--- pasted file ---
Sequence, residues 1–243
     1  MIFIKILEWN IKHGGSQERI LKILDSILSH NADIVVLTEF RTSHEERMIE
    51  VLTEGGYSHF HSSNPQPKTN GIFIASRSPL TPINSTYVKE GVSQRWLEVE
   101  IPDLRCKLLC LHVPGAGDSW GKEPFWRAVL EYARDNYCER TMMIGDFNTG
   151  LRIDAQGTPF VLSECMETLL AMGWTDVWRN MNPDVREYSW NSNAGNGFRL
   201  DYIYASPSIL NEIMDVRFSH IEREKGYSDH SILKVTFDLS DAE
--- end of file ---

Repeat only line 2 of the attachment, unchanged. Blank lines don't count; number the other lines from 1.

     1  MIFIKILEWN IKHGGSQERI LKILDSILSH NADIVVLTEF RTSHEERMIE